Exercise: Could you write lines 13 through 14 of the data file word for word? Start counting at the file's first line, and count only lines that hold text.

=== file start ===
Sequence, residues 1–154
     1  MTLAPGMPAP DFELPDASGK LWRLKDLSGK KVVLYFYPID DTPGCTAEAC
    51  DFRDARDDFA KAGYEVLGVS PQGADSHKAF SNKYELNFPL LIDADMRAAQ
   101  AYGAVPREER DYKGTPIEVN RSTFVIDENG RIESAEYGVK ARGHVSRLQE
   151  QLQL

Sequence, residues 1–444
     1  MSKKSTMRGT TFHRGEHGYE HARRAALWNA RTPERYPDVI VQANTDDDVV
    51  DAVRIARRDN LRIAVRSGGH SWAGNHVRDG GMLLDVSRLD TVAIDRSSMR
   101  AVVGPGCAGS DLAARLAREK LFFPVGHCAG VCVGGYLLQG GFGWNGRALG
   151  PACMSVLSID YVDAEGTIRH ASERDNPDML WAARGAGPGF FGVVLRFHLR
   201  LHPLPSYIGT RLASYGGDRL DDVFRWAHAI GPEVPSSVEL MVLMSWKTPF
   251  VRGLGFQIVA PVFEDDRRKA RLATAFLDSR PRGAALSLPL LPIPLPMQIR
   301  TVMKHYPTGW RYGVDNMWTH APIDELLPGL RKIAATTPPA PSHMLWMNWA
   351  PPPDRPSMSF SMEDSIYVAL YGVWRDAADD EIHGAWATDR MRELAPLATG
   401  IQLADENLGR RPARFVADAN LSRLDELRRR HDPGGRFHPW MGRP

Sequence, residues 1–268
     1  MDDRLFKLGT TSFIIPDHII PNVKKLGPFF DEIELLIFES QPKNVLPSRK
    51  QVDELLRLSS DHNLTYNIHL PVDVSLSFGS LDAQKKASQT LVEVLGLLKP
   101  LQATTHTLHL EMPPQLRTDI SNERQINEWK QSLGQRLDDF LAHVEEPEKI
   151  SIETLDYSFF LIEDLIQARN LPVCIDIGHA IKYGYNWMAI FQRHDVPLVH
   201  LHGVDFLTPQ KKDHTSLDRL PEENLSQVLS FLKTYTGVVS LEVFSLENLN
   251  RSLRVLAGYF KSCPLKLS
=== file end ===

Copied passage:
   301  TVMKHYPTGW RYGVDNMWTH APIDELLPGL RKIAATTPPA PSHMLWMNWA
   351  PPPDRPSMSF SMEDSIYVAL YGVWRDAADD EIHGAWATDR MRELAPLATG